Knowing there are people out there who now know you through your volunteering, and who are likely to be there if you need them, can also be great for mental health and for stress reduction. It’s not just about having more social connections, but it could mean a safety net when you need it too. And the calm and comfort of knowing that.


Volunteering can be great for self-esteem and a sense of self-worth. Low self-esteem is often connected to illnesses like anxiety and depression. Higher self-esteem can help reduce anxiety and boost self-confidence, and self-confidence can help trigger positive mood chemicals in the brain.


Volunteering can connect you to your local community and give you a greater sense of place and belonging. And the notion of belonging is great for mental health and especially when dealing with or warding off things like anxiety, depression, and loneliness.


Volunteering can take you out of yourself, away from your own worries and stressors, take you into a different environment, and give your brain a break from its own worries.


If volunteering takes you out in the sunshine, the fresh air, with pets and animals, that’s all great for mental health too. The brain loves things like vitamin D, the nitric oxide generated by sun on skin, and of course lots of oxygen. And lots of great science to show that even just the sounds of birds singing can make the brain happier and healthier.


If others see the rewards that you’re getting from volunteering, it could entice family, friends, neighbors, and coworkers to join in and do the same. Your single act of kindness could transform into a bigger movement and trigger feelings of positive pride, self-esteem, and self-worth knowing you might have initiated that.


Volunteering can not only give you perspective, a view into the lives of others that perhaps encourages you to reflect more on yours, but can expose you to other perspectives, experiences, and points of view, which can be therapeutic, healing, and bonding.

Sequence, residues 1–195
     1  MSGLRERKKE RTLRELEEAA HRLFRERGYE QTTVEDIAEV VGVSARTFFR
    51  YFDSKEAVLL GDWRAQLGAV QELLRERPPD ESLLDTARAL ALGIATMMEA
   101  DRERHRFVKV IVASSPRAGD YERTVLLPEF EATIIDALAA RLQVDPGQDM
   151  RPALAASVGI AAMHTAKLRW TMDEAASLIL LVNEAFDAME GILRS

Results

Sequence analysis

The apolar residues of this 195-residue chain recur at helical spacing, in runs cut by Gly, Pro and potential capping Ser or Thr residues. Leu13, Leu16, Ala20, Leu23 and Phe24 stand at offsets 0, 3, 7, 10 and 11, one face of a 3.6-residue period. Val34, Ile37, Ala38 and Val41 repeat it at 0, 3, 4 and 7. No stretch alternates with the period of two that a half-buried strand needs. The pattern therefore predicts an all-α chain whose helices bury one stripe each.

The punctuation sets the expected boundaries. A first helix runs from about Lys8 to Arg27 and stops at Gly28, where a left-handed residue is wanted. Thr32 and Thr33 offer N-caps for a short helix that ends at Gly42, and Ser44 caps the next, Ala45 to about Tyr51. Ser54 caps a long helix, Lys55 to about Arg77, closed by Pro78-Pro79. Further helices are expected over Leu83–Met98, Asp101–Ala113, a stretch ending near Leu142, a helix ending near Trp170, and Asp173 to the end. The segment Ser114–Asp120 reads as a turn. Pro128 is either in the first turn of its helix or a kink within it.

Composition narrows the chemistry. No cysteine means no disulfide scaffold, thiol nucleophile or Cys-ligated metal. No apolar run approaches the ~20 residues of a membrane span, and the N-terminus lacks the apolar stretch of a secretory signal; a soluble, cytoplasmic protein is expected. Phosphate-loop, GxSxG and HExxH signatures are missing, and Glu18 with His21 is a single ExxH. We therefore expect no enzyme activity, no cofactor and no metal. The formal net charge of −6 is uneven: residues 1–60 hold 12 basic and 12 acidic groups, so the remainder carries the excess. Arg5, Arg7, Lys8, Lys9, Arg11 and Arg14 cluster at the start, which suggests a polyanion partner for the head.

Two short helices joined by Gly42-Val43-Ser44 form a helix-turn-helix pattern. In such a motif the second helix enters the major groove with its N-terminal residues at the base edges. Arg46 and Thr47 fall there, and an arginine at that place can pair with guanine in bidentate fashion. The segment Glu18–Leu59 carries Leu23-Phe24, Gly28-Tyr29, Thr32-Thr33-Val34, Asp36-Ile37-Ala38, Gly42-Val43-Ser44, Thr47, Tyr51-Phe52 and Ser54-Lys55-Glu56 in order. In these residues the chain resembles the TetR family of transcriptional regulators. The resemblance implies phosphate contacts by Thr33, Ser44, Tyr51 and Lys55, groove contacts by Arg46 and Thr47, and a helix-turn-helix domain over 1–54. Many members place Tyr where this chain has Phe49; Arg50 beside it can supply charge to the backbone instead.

Loneliness is not just very often a byproduct of mental illnesses and especially anxiety and depression, but loneliness can help trigger mental illnesses. If volunteering helps you make new friends, that can be a powerful ally against the dangers of loneliness and isolation.


Volunteering can be a great and free form of talk therapy. Again, if the type of volunteering you choose involves you meeting and connecting with new people, even making new friends, and especially if you share similar stories or backgrounds, simply having someone new and sympathetic to talk to can be very therapeutic.


If the type of volunteering you choose involves physical movement or effort, or exercise, that’s great for brain health too.

Exercise is great for stimulating the brain and neuroplasticity, and for taming the toxic effects of stress-generated cortisol. It can help bring more oxygen to the brain and help improve the immune system and reduce inflammation

And again, if the work is outside in the fresh air and the sunshine, that’s great for brain health because it can mean oxygen, vitamin D and nitric oxide, all essential for brain health.


And volunteering can be a great stress reliever. All that kindness and giving and camaraderie and self-esteem can trigger all the good chemicals in the brain and tame the destructive effects of stress-generated cortisol.


So, knowing all that, where do you start? These might help.


Don’t be afraid to be selfish. There are plenty of opportunities to choose from. Don’t be afraid to pick one that you think might suit you and your circumstances best. You’re still giving, you’re still lending a hand.

But it’s important to choose something that you know you’re going to enjoy doing and that you’ll be able to do often. The more you enjoy it, the easier it becomes to do it often, and the less likely you are to quit.

Think for a moment what you would like to get out of it too. Would you prefer to work with the homeless, or the elderly? With disaster relief, with animal rescue? With vulnerable kids? Again, the more relevant and personal the type of volunteering is to you, the more you’ll do it, the more you’ll benefit, and the more others will benefit too.